Posts tagged with: beijing

Today at The Federalist, Acton associate editor Sarah Stanley penned an article profiling an artist from North Korea who goes by the name of Sun Mu. This profile is inspired by a recent documentary that highlights the life of the artist. Sun Mu defected from the oppressive state in the late 1990s and since then has been creating art that depicts the story of his life in North Korea.  In order to protect his family, Sun Mu can’t use his real name.  Stanley explains:

The most extraordinary thing about him is that the audience for his art mostly doesn’t know what he looks like, or what his real name is. Sun Mu still has family in North Korea, so he never shows his face in public. His real identity is a closely guarded secret. He insists hiding in plain sight is not a form of thrill-seeking. He puts himself in real danger simply because he was “destined” to become Sun Mu (a phrase meaning “no boundaries”).

When Sun Mu first defected from North Korea he made his way to China where he was first exposed to a society other than the tyrannical state of his home country. Stanley explains his experience:

The most surprising thing he noticed when he arrived in China was the lights. “The glittering lights,” Sun Mu says. “Plastic bags blowing in the winds. Is this rotten capitalism? Is this the rotten capitalism the North has been talking about? Why are so many lights on?” He even began to wonder if he was hallucinating. There couldn’t be that many working lights glittering all over. For at least a decade after he defected, he continued to believe the lies perpetuated by Kim Il-Sung and Kim Jong Il, propaganda that said capitalism made other countries worse.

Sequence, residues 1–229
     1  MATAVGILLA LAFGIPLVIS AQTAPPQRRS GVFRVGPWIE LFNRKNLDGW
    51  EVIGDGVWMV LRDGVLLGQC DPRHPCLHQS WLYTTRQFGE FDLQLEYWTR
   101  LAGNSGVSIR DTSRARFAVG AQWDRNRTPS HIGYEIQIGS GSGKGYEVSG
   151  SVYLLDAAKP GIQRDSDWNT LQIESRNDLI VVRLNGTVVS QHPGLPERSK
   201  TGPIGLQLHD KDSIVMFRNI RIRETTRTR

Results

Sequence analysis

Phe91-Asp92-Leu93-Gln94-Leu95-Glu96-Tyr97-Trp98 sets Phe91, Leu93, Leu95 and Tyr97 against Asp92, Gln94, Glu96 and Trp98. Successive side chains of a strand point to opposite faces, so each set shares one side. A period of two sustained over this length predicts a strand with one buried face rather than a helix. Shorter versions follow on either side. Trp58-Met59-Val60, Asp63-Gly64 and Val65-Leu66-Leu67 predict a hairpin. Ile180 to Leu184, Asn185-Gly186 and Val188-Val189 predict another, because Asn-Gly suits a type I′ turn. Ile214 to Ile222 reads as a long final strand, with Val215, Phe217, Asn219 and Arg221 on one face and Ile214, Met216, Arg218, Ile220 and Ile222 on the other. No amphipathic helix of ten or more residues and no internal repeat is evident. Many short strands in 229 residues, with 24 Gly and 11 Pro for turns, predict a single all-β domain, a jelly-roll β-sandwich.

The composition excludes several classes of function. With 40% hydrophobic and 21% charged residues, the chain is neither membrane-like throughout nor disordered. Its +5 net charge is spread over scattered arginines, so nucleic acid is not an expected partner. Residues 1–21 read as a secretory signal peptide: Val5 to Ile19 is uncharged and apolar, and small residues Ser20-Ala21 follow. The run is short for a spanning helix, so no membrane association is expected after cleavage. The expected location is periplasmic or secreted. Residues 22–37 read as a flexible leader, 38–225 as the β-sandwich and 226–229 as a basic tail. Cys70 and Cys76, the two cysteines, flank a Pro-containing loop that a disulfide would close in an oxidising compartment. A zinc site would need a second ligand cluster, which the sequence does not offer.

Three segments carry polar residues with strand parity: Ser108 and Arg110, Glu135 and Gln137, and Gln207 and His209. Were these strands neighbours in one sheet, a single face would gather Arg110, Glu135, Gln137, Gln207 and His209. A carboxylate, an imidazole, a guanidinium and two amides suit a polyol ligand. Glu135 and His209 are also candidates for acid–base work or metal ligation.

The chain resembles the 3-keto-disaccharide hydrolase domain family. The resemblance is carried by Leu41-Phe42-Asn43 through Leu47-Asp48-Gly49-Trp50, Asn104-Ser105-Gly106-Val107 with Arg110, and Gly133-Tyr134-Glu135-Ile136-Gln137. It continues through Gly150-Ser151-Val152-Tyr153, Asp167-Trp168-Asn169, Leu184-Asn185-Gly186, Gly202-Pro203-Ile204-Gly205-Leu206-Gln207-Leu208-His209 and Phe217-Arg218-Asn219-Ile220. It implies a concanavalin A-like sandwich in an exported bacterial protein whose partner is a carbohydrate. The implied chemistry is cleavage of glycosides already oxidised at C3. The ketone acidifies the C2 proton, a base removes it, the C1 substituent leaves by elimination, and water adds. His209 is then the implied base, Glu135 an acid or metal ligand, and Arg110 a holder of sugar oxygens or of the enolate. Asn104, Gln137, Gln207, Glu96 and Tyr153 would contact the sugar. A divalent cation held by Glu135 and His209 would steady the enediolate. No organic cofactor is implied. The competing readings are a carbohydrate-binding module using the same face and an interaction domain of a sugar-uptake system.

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Blog author: rnothstine
Monday, January 21, 2008
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It appears the citizens of an anti-democratic China have stood up to government authorities who are suggesting smoke free restaurants in preparation for this year’s Summer Olympics. The Beijing Disease Control and Prevention Center urged restaurants in the Chinese capital to completely ban smoking on their premises. While the smoking ban is only a suggestion, the article declares not a single restaurant has taken up the suggestion in the city of Beijing.

Even though the United States has fewer smokers by far, maybe we can send them some of our own big government anti-smoking officials to assist them in banning smoking in restaurants and bars. After all, they have been quite successful in our own country of squashing the rights of proprietors to make their own decisions about their business.

It looks like the first mistake of the Chinese government officials was in offering a mere suggestion to city eateries. The government’s tactic clearly lacked language that exudes a self-righteous and a morally superior tone. Language that assumes to know what is best for our own interest, over the interest of businesses owners to choose what is appropriate for their customers. Chinese bureaucrats have much to learn from freedom squelchers in our own country.

The attempt to diminish smoking in Beijing facilities is part of a larger public relations effort to spruce up the Chinese image across the world. Unfortunately, it doesn’t seem to say much for the current state of Western values when the Chinese government feels smoking is the biggest negative image maker in a country marked with notorious human rights abuses.

Whatever your personal opinion about smoking in public, I’ve always felt business owners should be able to make up their own rules about smoking in their facility. Apparently even the authoritarian government in China agrees, because after all, it was only a suggestion.